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Thread: LED coffee table with Teensy 3.2+OctoWS -- animations while headless? How?

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    LED coffee table with Teensy 3.2+OctoWS -- animations while headless? How?

    Two questions I am stuck on with my design which will be a (10 or) 12x10 WS2812 array in the table top for an outdoor LED coffee table project. I want to have the table cycle through a few modes automatically-- like a rainbow, starry night, Larsen Scanner, dropping bars like the movie, "The Matrix" as well as I'd like to have scrolling text displaying the time and outdoor temperature for instance.

    1) If I go with the Teensy 3.2 + OctoWS2811 + CG-500 enclosure-- can I get away with just the one Octo adapter for a 10x12 arrangement? It seems from the pjrc site under the, "in this example, each OctoWS2811 signal feeds 4 LED strips in back and forth rows."-- would that mean I could go with 3 sets of 4 back and forth rows, 10 LEDs in each row?

    2) Is there anything already out there that I can port into the coding for the various animations and scrolling text features that I am after? Sure, I see all the examples of wonderful projects that many have done but specifics in driving animations is scarce. Aside: If I could adapt Tetris or tic tac toe to a 10x12 grid, that would be crazy cool to incorporate a controller but perhaps for a later add-on.

    Maybe the hardware is overkill for a such a small array and low resolution. I'm open to FASTled -- maybe there is more out there going that way.

    Appreciate the advice-- HELP!

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    For 120 LEDs I think you'd be able to manage 60fps with either FastLED or OctoWS2811. Even if you go with FastLED and only use 1 pin you'll need something to level shift the Teensy pin to 5V so using the OctoWS2811 adapter will save you from having to make your own circuit for that.

    FastLED does have some pretty cool features like color space conversion (animations like fade in / out are easier in HSV than in RGB) but that code is pretty easy to copy over to a WS2811 library based project if needed.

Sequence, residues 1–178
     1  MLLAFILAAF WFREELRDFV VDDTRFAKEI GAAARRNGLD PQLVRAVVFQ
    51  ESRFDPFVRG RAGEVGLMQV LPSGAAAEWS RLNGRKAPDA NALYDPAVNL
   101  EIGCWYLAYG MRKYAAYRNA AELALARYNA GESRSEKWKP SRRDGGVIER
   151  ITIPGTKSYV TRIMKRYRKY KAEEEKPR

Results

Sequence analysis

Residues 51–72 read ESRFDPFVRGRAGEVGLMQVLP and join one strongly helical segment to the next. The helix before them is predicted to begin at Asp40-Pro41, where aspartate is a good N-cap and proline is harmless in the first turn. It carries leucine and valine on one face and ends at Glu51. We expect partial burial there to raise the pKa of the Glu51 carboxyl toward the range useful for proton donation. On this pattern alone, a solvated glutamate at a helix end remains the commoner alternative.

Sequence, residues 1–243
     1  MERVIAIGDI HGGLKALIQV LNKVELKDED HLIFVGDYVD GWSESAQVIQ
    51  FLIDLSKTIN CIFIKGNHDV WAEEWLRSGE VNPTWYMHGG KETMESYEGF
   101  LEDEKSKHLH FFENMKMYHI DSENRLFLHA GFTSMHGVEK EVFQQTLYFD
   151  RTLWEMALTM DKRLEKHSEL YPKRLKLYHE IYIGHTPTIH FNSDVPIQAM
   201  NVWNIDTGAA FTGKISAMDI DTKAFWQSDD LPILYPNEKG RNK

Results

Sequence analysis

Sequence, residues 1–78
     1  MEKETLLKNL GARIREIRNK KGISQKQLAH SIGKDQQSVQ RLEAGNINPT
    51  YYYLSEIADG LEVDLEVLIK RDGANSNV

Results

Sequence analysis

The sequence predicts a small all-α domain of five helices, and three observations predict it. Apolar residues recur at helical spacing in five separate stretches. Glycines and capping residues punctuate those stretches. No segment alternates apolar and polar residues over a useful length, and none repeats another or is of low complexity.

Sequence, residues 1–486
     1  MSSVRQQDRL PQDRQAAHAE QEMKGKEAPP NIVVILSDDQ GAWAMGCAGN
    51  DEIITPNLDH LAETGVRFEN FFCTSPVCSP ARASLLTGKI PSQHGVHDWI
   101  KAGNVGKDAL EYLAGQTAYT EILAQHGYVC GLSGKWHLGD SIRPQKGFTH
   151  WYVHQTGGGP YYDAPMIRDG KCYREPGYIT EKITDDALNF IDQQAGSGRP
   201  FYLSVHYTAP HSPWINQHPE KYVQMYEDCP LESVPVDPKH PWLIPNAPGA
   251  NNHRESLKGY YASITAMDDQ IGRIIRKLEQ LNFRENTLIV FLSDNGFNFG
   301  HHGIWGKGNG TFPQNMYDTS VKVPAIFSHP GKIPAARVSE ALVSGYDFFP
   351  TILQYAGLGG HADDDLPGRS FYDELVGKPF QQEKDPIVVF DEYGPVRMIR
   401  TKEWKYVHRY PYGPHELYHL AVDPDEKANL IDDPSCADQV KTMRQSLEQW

In terms of the programming, if it were me I'd write a wrapper or table to turn X,Y coordinates into physical LED addresses. Once you have that working there's lots of examples out on the web that will do low resolution 2D animations, for example I turned up https://www.youtube.com/watch?v=N2IgLlKsQlE and https://www.youtube.com/watch?v=o6_UYb6I4x4 by googling "led matrix animation code".

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    Sorry, I just realized I didn't answer your #1 question very well.

    For 10x12 you're going to have to do some cable path management either way. If you go with a single pin and FastLED you can snake the data line back and forth easily, then map physical address to logical location.

    If you go with OctoWS2811 and 8 lines you'll either have to arrange things so each pin controls 15 LEDs (e.g. one pin does 10 LEDs of one strip and 5 of the next, the next pin does the remaining 5 LEDs and the next strip of 10) or have a different number of LEDs per pin (e.g. only use 4 pins and have each control 3 strips of 10, or use all 8 pins and have some pins control 10 strips and some control 20). Either way you'll need to map the physical addresses to logical locations, just like you'll have to do with FastLED.